AmphibiaWeb - Aneides vagrans


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Aneides vagrans Wake & Jackman, 1999
Wandering Salamander
Subgenus: Aneides
family: Plethodontidae
subfamily: Plethodontinae
genus: Aneides

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Conservation Status (definitions)
IUCN Red List Status Account Near Threatened (NT)
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National Status None
Regional Status None
Access Conservation Needs Assessment Report .



View distribution map in BerkeleyMapper.
View Bd and Bsal data (1 records).
U.S. state distribution from AmphibiaWeb's database: California

bookcover The following account is modified from Amphibian Declines: The Conservation Status of United States Species, edited by Michael Lannoo (©2005 by the Regents of the University of California), used with permission of University of California Press. The book is available from UC Press.

Aneides vagrans Wake and Jackman, 1998
Wandering Salamander

Nancy L. Staub1
David B. Wake2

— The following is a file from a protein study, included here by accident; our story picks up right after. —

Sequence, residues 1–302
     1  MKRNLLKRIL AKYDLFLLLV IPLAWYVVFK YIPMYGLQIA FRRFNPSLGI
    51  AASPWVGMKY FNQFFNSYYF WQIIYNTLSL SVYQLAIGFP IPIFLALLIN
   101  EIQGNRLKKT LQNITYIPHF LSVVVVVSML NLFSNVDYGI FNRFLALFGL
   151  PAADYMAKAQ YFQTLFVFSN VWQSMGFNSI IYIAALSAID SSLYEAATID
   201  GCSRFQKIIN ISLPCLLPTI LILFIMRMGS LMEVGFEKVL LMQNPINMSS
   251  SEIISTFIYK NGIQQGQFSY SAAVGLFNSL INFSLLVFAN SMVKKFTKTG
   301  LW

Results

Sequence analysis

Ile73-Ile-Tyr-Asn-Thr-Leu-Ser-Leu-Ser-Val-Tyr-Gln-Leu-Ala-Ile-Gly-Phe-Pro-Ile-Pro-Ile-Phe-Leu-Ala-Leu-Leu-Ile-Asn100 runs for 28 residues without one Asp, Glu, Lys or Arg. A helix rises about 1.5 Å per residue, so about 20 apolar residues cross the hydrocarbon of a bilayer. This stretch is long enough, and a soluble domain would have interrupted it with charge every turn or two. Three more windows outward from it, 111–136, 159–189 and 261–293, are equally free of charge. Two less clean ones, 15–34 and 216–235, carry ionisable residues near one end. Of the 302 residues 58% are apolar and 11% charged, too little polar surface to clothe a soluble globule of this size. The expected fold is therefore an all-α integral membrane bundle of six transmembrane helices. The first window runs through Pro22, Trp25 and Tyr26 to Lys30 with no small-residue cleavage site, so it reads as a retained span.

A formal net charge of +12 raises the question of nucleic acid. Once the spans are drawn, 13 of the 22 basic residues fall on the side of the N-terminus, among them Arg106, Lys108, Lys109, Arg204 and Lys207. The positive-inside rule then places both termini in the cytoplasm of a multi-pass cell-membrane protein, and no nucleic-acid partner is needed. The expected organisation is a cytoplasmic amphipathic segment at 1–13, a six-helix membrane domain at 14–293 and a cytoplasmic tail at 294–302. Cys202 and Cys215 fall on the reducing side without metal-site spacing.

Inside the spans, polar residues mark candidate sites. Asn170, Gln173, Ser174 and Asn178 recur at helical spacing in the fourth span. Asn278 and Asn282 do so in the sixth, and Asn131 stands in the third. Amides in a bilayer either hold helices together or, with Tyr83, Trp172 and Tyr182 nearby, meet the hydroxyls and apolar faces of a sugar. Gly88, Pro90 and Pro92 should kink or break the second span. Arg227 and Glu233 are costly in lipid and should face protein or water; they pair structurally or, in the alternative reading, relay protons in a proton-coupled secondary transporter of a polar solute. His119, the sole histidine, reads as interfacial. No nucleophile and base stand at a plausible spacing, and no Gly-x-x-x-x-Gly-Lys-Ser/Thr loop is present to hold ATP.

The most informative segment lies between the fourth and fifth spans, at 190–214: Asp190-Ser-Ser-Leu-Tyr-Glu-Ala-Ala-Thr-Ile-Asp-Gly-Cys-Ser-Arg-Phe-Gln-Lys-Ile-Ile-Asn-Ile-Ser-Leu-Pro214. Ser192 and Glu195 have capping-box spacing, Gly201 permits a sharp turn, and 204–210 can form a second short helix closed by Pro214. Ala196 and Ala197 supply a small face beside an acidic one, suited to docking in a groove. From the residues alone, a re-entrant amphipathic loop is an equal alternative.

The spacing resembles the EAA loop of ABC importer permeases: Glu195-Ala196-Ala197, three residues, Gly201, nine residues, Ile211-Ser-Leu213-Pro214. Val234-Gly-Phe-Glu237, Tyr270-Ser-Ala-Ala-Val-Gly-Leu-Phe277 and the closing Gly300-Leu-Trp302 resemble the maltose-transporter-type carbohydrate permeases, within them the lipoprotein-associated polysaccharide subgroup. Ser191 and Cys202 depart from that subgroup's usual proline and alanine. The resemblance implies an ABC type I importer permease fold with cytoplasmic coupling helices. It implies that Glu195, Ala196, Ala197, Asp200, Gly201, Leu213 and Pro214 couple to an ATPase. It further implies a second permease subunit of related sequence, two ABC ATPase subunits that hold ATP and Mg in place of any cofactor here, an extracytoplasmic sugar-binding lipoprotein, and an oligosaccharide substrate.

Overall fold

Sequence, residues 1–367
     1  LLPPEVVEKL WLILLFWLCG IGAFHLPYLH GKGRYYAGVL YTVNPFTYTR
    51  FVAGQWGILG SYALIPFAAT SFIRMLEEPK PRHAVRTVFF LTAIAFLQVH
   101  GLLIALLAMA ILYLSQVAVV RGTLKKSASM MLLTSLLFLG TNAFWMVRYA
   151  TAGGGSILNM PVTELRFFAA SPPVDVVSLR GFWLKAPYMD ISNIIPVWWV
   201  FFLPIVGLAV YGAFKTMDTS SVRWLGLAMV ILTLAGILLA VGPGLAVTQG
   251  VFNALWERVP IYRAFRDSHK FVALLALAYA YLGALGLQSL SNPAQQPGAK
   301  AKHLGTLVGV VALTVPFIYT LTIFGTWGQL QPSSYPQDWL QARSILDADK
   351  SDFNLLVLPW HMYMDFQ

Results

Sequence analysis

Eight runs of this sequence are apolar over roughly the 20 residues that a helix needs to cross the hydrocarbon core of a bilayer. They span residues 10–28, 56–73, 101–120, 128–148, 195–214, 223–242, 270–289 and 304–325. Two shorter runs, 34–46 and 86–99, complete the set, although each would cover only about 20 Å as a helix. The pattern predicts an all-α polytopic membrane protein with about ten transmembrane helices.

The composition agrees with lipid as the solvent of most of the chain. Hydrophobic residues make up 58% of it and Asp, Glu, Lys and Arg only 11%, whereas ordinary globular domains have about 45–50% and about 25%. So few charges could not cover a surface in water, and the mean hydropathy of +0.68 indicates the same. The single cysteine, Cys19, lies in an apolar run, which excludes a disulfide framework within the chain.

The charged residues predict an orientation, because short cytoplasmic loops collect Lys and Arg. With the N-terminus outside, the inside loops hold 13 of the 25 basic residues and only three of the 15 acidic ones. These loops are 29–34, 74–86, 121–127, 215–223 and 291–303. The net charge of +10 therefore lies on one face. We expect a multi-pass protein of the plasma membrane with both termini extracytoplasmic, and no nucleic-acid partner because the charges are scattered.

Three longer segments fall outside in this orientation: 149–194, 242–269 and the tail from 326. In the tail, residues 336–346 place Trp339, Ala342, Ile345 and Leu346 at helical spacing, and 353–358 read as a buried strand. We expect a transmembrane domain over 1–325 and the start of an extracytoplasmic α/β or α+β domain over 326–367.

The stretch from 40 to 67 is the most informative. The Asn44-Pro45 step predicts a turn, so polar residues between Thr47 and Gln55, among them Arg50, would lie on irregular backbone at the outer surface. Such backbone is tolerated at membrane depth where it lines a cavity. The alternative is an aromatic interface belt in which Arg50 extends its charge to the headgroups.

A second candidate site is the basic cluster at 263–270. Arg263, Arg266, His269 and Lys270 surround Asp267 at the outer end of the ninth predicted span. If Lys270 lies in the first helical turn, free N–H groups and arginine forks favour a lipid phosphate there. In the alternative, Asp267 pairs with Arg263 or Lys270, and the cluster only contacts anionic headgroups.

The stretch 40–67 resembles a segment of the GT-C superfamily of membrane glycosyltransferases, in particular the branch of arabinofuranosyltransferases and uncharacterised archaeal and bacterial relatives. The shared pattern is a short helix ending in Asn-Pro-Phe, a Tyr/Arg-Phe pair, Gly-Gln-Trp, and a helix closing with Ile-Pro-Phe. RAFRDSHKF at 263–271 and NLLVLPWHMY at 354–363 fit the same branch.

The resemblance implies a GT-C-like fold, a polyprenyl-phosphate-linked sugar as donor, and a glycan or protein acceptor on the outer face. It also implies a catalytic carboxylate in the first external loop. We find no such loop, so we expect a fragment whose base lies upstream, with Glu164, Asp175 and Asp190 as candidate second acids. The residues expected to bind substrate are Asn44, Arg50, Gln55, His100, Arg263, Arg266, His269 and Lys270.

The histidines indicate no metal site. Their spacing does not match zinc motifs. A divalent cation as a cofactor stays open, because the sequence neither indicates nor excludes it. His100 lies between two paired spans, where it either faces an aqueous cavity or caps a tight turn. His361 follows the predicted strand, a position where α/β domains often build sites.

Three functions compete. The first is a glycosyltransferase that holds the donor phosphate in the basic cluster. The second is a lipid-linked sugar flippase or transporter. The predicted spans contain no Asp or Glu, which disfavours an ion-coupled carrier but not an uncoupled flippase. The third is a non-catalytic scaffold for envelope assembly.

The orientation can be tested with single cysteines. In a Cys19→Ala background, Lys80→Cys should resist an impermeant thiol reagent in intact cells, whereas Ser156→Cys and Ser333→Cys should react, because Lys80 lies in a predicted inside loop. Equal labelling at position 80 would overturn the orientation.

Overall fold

1. Historical versus Current Distribution1. Wandering salamanders (Aneides vagrans) have an unusual distribution. They are found in the coastal forests of northern California and in British Columbia. They are not found in either Oregon or Washington (Jackman, 1999 [1998]). The distribution of wandering salamanders in California extends from northern Siskiyou and Del Norte counties, south through extreme western Trinity, Humboldt, and Mendocino counties in an increasingly narrow coastal strip to the vicinity of Stewart's Point, northwestern Sonoma County. In British Columbia, wandering salamanders are widespread on Vancouver Island and on neighboring islands and occur in a small area of mainland British Columbia (Green and Campbell, 1984). Jackman (1999 [1998]) argues that the British Columbia populations are derived from human-mediated introductions from California during the mid to late nineteenth century. In particular, genetic and historical evidence suggests that wandering salamanders were introduced to British Columbia from California in shipments of tan oak (Lithocarpus densiflorus) bark, used extensively in the tanning of leather at that time (Jackman, 1999 [1998]).

The California populations now assigned to A. vagrans previously were considered to be A. ferreus (clouded salamanders) but have been reassigned based on allozyme, mitochondrial DNA, and karyotypic evidence (Sessions and Kezer, 1987; Jackman, 1999 [1998]), Wake and Jackman, 1999 [1998]). Nearly all of the literature dealing with A. ferreus from California and British Columbia refers instead to A. vagrans.